Hutchinson River Parkway
Two people were killed early Saturday, and at least three others were injured, in a crash on the Hutchinson River Parkway in the Bronx.
For the next four days, Hutchinson River Parkway traffic in both directions is being diverted in Pelham Manor so the bridge over Boston Post Road can be upgraded.
Drivers can expect headaches starting at 5 a.m. on Tuesday so the bridge over Boston Post Road in Pelham Manor can be upgraded. Work is scheduled to wrap up on Saturday, according to the DOT.
Community members have submitted a request for those speed bumps to be placed around streets connecting the Hutchinson River and Pelham Parkways to create a ‘slow zone’. If approved this would add the area to the existing 14 Zone program.
A state DOT task force will consider solutions to the problem next month.
A large road sign came down like a guillotine on Tuesday in Harrison and it’s amazing that it didn’t slice into a car and hurt someone.
The incident is believed to be the first since ‘Low Bridge – No Truck’ warnings were painted on the roadway surface, reigniting the debate over whether more needs to be done to keep trucks off of parkways.
The report, which was released Tuesday, identifies 10 locations in Westchester County where trucks have hit low clearance bridges and overpasses the most between the years 2002 and 2011.
The winding, tree-lined Hutchinson River Parkway was designed for the Ford Model T, not MACK trucks.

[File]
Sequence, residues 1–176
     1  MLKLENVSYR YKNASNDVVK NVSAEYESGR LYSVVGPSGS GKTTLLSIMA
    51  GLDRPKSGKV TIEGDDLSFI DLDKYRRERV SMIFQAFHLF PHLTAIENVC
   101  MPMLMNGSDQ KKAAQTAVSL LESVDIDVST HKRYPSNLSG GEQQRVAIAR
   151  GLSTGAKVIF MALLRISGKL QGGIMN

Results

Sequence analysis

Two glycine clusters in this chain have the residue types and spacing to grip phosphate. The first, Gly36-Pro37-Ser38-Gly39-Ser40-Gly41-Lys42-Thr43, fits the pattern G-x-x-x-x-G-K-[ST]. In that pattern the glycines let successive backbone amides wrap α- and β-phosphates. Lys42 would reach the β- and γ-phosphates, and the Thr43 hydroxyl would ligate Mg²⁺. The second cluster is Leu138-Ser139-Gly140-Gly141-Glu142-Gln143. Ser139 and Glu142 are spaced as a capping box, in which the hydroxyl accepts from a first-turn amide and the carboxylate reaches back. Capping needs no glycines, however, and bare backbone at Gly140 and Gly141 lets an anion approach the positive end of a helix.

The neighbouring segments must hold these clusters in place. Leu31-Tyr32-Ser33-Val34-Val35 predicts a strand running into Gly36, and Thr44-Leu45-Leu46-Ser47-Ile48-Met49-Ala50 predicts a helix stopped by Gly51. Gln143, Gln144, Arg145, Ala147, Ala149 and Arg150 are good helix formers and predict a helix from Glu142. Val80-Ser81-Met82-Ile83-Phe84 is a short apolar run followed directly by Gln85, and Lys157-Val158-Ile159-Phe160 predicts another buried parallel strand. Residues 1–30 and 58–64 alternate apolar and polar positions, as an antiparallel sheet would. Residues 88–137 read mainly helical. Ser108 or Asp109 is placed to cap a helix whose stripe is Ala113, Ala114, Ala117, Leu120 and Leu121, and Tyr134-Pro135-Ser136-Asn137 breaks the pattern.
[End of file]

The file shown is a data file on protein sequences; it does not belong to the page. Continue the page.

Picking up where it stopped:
Tri-State Area residents on the move this holiday weekend are paying for it, with record-high Labor Day weekend gas prices. And for those that are deciding to break the law, they’re really paying for it.
The bags were found Monday by highway workers on a ramp connecting Interstates 95 and 287 in Rye, police said.
Dr. Andrew Manesis, a veterinarian whose practice is in Throggs Neck, left his office in a hurry on Tuesday, running from allegations about dumping 26 cats, eight dogs and a lizard near the Hutchinson River Parkway in April.
Jose Garcia Acosta bought thousands of prescription painkillers each week on New York City streets and sold them in eastern Massachusetts, making millions of dollars, prosecutors said.
Westchester County Police Captain Thomas Gleason told WCBS 880 reporter Monica Miller that it didn’t appear that the animals were mistreated prior to their deaths.
Police theorized the animals may have been legitimately euthanized at an area shelter or shelters, and given to a contractor to cremate or bury them.